Skylar Thompson did not cover himself with glory despite the win. He was only 5-12 for 57 yards for a miserable 64.9 passer rating, with the lost fumble and interception and no touchdown passes. This was not entirely his fault, as the wind played a role and his receivers flat out dropped several passes, but the sequence at the start of the second half was troubling. Thompson ran for 38 yards (46 before sacks). Thompson’s five completions went to five different receivers, with a 22-yard completion to Chabastin Taylor being the longest.

The Wildcat rushing attack, on the other hand, made its triumphant reappearance tonight. K-State ran for 231 yards, led by 91 yards on 19 carries by Brown and 60 yards on 6 carries by Wright. James Gilbert was a non-factor, only gaining 19 yards on 8 touches.

In addition to his clutch pass breakups, Alexander also had two tackles for loss in a real player of the game effort. Wyatt Hubert also had a pair of TFLs, while Kyle Ball had a sack. The front four was in Purdy’s grill the entire night, and although there were a couple of notable moments when tackling was terrible, overall the tackling showed a significant improvement over much of the season’s performance.

As bad as the night was for Purdy — 15-30 for 185 yards and only one touchdown with an anemic 112.8 passer rating — it was almost much worse. Jones wasn’t the only Wildcat defender to whom Purdy directly threw a pass; DaQuan Patton also nearly had an interception. His receivers, like Thompson’s, had a major case of the drops. Perhaps even worse for Purdy, nearly a third of his passing yardage came on the 60-yard completion to Milton, who had 78 yards on four receptions. Breece Hall, who had 59 yards on 18 carries, was the only Cyclone with positive yardage on the ground.

K-State had 288 yards of offense to Iowa State’s 236. The defense held Iowa State to a ridiculous 2.1 yards per carry, reversing course on a miserable season in which they’d allowed opponents over five yards a carry coming into tonight’s game, and kept the Cyclones under seven yards per pass attempt as well. The Cats won the first down battle 18-10, limited Iowa State to an embarrassing 1-12 on third down while converting half of their own 14 attempts, and held the ball for 34:12.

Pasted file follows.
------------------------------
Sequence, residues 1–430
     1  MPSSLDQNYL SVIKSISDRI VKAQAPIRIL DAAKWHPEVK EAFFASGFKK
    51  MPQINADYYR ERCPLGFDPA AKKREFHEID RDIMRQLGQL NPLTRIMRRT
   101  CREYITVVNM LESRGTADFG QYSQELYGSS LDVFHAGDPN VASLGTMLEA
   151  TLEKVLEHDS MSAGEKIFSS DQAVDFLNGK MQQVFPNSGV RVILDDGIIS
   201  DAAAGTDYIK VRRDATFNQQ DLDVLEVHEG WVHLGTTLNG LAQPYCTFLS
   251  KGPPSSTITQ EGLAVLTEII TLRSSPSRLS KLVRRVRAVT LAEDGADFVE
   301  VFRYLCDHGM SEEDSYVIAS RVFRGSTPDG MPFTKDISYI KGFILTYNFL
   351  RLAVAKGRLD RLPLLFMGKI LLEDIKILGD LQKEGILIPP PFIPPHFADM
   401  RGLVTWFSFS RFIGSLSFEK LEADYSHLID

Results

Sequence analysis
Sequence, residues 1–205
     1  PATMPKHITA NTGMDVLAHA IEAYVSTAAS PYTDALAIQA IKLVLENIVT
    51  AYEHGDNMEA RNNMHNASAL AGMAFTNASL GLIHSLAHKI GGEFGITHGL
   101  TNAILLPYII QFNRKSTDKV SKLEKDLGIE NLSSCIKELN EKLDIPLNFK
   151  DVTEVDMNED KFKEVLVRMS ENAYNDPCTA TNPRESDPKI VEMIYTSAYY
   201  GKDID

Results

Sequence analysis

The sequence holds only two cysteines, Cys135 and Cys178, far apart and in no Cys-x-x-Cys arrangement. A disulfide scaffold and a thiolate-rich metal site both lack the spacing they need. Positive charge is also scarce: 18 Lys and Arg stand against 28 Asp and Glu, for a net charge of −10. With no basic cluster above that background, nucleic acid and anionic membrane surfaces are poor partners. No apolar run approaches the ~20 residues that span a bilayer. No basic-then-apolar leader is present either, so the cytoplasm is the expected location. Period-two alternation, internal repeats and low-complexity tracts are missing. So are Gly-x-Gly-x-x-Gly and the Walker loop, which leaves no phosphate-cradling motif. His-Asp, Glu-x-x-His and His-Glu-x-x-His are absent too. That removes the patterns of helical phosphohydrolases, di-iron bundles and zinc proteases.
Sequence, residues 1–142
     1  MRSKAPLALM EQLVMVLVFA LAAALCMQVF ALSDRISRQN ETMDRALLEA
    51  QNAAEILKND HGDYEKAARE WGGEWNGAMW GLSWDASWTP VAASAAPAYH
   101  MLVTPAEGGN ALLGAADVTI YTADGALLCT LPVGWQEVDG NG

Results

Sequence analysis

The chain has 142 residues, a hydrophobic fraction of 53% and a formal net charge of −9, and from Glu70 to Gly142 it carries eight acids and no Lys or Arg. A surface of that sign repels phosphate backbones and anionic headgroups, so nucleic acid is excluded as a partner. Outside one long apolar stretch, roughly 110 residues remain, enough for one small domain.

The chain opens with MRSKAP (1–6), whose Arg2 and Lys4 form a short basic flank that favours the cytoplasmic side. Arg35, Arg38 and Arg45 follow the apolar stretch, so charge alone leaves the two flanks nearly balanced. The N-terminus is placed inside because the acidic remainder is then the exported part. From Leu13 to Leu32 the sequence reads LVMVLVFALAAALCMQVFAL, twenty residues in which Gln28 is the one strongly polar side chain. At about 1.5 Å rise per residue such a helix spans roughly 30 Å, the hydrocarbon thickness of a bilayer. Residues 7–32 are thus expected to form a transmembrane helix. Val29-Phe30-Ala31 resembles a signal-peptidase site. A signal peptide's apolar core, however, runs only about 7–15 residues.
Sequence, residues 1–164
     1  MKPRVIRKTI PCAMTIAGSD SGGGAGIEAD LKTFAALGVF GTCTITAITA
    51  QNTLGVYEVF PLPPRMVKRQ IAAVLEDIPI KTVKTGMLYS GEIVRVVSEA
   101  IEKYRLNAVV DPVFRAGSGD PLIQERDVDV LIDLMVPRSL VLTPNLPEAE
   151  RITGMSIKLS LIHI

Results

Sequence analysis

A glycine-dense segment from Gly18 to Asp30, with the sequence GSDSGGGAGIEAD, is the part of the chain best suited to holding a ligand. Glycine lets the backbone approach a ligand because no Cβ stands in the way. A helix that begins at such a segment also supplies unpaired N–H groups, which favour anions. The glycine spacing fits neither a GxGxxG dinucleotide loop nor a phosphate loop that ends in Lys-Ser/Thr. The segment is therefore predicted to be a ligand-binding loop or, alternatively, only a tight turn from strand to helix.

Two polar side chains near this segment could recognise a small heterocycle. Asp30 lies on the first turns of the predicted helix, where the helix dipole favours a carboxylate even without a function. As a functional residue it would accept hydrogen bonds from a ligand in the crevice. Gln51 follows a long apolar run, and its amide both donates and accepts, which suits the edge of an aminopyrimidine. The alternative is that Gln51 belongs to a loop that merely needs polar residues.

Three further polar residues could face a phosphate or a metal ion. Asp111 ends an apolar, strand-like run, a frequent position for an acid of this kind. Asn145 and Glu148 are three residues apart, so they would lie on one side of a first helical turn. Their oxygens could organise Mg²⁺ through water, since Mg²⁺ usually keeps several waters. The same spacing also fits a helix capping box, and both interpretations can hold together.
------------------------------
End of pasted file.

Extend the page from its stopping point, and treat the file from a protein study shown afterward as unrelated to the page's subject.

Five Things

1) It was a bad night for Thompson, BUT.

Make no mistake: Thompson’s pocket presence tonight was appalling, and he continues to underthrow too often.

But let’s put the pitchforks away. Of Thompson’s seven incompletions, at least five were squarely on the hands of his receivers — literally. If even two of those balls had been caught, the narrative of both the game and Thompson’s performance would be drastically different.

The thought occurred late in the game that perhaps the pressure Thompson felt in previous seasons due to looking over his shoulder hasn’t lessened precisely because there’s really nobody for him to look at now. Knowing that your team is in huge trouble if you fail or get hurt can be just as oppressive as knowing you might get the hook at any moment because of the whims of the coaching staff.

The point here being: let’s see how the bowl game plays out.

2) Speaking of the bowl game...

With the win, and with Oklahoma State‘s loss to Oklahoma tonight, K-State finishes in a tie for third place in the Big 12 with Texas, Oklahoma State, and Iowa State. Because Texas and the Cowboys went 2-1 within the group while K-State and the Cyclones went 1-2, the official final standings have Texas in third, OSU fourth, K-State fifth, and Iowa State sixth.

That probably damages K-State’s chance of finally getting to Florida for a bowl game, as Texas officially finishing in third makes them a more palatable option for some bowls which might be wrinking their noses at a 7-5 team. The rumor mill suggests K-State might actually be on the Alamo Bowl’s radar, but the likely landing spot at this point is either Houston or Memphis.